The accolades of this German Olympian are impressive: She’s won three gold, two silver and five bronze medals at European & World Championships mostly in the 4 x 50 m and 4×100 m freestyle relays, between 2009 and 2012. She’s competed at the 2012 Summer Olympics in the 100 m, 4×100 m and 4×200 m freestyle events and finished in 15th, 9th and 11th place.
Listen to the podcast here:
Bengaluru’s very own Olympians Hakimuddin Habibulla, Nisha Millet Chatterjee (Sydney 2000) and Daniela Schreiber spoke to swimmers, swim teachers, coaches and parents about their career and journey to success at an event by Swimming Matters – India. Below is the transcript of the The Good City podcast with Daniela, who is currently a student at WHU-Otto Beisheim School of Management.
Aditya Mendonca: Hi, welcome to The Good City podcast with me, Aditya Mendonca. I have got a very special guest today who is travelling in India and she happens to be in Bangalore. She has got a fantastic track record, a German Olympic Swimmer, competed at 2012 London Olympics. This is Daniela.
Daniela Schreiber: Hi, I’m Daniela Schreiber, I’m an Olympian from Germany in Swimming and a Three-time medalist in the World Championships. Catch me on The Good City podcast.
AM: Hi Daniela
DS: Thank you for inviting me, it’s very nice being here in Bangalore. It’s very exciting for me being in India, I’ve never been here before and actually, I love it.
AM: So Daniela, how has the whole sporting experience been for you?
DS: I grew up with sports very early, and my parents also loved sports, but not in a competitive way. But still, as a child I was also playing outside and enjoying sports. And I started swimming at the age of five. I learnt swimming as a regular child in Germany as well and then went to a local swimming club. Trained there 3 to 5 times a week as a little child, up to the fifth grade. And I was actually scouted by somebody from the near by sports school, and they asked me if I wanted to join a sports school and compete a bit more professionally.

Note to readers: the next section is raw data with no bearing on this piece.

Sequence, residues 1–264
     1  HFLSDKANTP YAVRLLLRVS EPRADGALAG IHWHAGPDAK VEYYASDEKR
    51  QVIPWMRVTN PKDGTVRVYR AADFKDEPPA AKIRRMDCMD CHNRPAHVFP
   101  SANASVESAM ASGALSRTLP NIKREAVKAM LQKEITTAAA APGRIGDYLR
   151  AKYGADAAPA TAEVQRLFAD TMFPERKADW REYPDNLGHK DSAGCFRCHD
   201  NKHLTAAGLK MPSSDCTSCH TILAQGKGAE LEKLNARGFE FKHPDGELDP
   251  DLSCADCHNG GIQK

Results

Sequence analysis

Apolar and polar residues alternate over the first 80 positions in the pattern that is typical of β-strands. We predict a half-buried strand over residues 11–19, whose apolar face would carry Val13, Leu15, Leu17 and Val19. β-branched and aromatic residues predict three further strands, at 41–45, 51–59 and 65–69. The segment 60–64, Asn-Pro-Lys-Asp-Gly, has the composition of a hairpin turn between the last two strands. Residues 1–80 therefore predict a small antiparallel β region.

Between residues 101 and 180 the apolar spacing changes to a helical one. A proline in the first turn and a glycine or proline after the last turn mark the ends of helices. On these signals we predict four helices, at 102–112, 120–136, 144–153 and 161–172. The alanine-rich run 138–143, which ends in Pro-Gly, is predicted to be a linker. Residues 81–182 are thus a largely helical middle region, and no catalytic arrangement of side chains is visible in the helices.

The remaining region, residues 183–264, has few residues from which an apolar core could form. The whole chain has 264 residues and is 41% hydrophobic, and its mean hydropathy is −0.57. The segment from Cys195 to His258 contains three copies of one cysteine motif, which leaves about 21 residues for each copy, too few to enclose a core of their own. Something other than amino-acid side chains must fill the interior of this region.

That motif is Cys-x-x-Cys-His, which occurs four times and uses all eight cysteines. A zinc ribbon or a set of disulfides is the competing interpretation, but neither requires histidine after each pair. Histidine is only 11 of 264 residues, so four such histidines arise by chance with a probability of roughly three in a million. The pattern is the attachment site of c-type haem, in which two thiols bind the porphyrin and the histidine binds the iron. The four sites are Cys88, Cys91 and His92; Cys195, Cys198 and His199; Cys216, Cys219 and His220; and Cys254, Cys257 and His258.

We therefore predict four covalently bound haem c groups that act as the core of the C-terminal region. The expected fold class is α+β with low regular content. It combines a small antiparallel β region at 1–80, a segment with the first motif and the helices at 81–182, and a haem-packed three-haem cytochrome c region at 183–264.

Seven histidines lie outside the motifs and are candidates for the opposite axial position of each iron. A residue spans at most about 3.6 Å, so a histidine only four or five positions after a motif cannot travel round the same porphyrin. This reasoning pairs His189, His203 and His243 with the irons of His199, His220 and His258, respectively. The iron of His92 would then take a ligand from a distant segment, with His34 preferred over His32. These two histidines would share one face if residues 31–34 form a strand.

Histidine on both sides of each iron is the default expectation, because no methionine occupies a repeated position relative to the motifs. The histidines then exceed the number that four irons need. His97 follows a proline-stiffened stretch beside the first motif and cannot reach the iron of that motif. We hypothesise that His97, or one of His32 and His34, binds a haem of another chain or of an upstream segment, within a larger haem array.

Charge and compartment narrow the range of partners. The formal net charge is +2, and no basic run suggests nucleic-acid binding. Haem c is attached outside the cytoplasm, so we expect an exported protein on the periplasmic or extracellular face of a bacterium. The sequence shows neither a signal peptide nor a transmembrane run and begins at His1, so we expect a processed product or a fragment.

AM: So from getting recruited by a scout, and obviously growing from different coaches, getting a physiotherapist, I mean the whole works, how did you manage to motivate yourself to go on and enter competitive swimming?
DS: So of course, in the beginning it also helps if you earn medals and you can compete, and you know in the beginning that you have a huge progress. Later on, it gets less and less of course. But in the early stage I had a good friend, she was always first and I was always second. And I hated it.
This inspired me to keep going and working on my weaknesses and to look at what others did. I also observed, of course, the inspiring swimmers, till that time it wasFranziska. When I was new she was a huge swimmer from Germany. And I observed her, her skills and what she does. So I tried to adapt this and yeah, finally, later on I also got the Gold medal twice at the European World Championships 2006 in Rio De Janeiro and it was for me the first point where I was like wow okay… it’s real, I can be on a senior level – I can also be an Olympian.
AM: Going back to what you said, that passion and putting that out, you know that you can do it and I am sure anybody who train on similar platform can get out and do it. So in sports, whether it is competitive swimming or any other competitive sports, one of the things that does affects athletes is depression. Have you ever felt anything close to it?